Samantha David was "blown away" the first time she visited Hyde Park Village.
"It was the most charming, beautiful environment," David, the head of Boston-based WS Development's luxury property group, said Friday. "I think it’s really a little downtown more than it is a development."
That line of thinking — respecting the village's history and celebrating its "quirkiness," as David described it — has been the driving force behind the redevelopment of Hyde Park Village, which WS bought in September 2013. The group spent more than a year figuring out how to reposition the property, which was in need of renovation and new tenants when WS closed on it.
"You don’t want to really master plan it," David said. "You want to create great architecture to surround the historic buildings so each piece is as good as the last piece."
The vision is beginning to take shape: One of the first new tenants, Paper Source, will open next week, with bartaco to follow shortly after. Construction is underway on Sur La Table, which is backfilling the former Restoration Hardware space, as well as On Swann, a restaurant venture by Tampa chef Chris Ponte. Local favorites Buddy Brew and Goody Goody have signed on, and there are more announcements to come shortly, David said.
The redevelopment of Hyde Park Village represents more than millions of dollars of capital investment and sexy new retailers and restaurants. If WS succeeds at repositioning the property, it will become a signature district for Tampa that could become a regional destination — one that will draw visitors and their discretionary income from around Florida.
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There are no sure bets in commercial real estate, but Hyde Park Village is about as close to one as a developer could get. While stymied by the Great Recession, it is a trophy asset in a trade area with an average annual household income of $115,000, according to WS. The property is already anchored by national destination retailers: West Elm, Pottery Barn and Anthropologie.
From feel-good vibes to the bottom line
To help shape their vision of the property, WS executives held multiple meetings with the neighborhoods that surround Hyde Park Village.
"Sur La Table is an example," David said. "'A great kitchen store' was something we kept getting requests for, so we really aggressively went after that."
The community was "very positive" about the redevelopment and enthusiastic about offering input, she said — which has already translated into higher sales for existing tenants.
"Everyone’s ramping up," David said. "I can’t think of anyone’s who not."
To keep the buzz going, WS will program the property with events and festivals to draw foot traffic and attract new visitors. The farmers' market is already popular, and David said the group is vetting other events for the village.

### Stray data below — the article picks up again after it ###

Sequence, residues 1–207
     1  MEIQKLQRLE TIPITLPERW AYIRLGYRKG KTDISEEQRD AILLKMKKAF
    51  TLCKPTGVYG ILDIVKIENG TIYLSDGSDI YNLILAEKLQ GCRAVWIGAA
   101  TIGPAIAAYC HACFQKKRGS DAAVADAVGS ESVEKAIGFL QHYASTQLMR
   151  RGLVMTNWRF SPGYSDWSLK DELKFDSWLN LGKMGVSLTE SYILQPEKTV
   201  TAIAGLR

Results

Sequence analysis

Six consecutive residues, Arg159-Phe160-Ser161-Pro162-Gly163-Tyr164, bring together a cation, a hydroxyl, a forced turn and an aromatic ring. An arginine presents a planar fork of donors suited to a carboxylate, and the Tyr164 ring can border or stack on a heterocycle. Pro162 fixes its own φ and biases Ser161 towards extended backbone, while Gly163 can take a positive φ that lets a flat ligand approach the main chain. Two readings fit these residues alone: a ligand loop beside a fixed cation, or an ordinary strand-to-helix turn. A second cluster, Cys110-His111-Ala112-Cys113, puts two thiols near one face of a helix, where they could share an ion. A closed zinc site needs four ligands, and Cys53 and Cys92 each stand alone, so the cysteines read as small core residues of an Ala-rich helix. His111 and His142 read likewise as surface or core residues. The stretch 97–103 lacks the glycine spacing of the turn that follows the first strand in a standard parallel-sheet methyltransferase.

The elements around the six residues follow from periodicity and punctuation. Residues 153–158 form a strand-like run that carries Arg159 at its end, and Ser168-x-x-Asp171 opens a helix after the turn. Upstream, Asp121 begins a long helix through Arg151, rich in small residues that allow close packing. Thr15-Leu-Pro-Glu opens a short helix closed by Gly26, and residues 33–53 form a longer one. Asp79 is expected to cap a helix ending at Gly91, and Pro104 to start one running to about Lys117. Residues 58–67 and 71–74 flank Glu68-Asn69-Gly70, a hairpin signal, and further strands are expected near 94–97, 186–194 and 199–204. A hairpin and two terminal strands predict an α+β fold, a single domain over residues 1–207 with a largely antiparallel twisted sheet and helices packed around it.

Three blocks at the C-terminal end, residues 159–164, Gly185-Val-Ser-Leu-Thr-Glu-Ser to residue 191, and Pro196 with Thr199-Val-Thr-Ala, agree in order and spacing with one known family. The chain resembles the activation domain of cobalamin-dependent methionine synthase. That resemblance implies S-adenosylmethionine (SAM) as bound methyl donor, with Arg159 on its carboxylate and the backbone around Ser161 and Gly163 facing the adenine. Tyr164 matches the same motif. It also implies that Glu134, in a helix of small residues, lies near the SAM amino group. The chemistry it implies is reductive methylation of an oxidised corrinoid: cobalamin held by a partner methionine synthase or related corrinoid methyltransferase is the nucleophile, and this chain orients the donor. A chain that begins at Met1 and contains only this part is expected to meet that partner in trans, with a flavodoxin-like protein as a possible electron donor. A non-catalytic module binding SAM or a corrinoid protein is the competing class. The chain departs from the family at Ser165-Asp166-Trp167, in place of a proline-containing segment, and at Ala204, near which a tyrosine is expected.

"We're looking at partnerships with local charities and being a bit more focused on arts and culture," she said, "and really creating things that we are thinking are more in line with the tenants."
Local versus national: finding the right mix
The lineup of tenants so far — existing and under construction — represents a mix of Tampa-grown concepts and national retailers.
Bringing in local names was a priority, David said, to contribute to the property's unique vibe. Buddy Brew, Goody Goody and On Swann are locally owned, and there will likely be more to come, though she declined to disclose any pending deals.
But the national retailers are important to the property's success.
"They have big marketing budgets — they can drive a lot of foot traffic," David said. "And the truth is, they bring people to the site who would never have otherwise gone there."
High on retailers' radar
As the economy improves, many retailers are in expansion mode in Tampa Bay, from specialty grocers to home decor stores. But because there's little retail space available in prime neighborhoods — and very few developments underway — those retailers aren't able to set up shop here.
But with WS looking to do deals, Hyde Park Village has offered a solution for some retailers. That's been one of the "most validating" parts of the redevelopment, David said: Bringing in retailers and restaurants that otherwise would not have a Tampa presence.
There are also the local operators who were already in Tampa but tell WS that they wouldn't have considered Hyde Park Village previously, like the Dave and Susan Ward, the founders of Buddy Brew. Richard Gonzmart, who is reviving the long-dead Tampa burger chain Goody Goody in the village, has said the same.
"These are people who are so passionate about Tampa and know it so well and have done such amazing things for Tampa Bay," David said, "and they say, 'We wouldn’t have gone to the village before.'"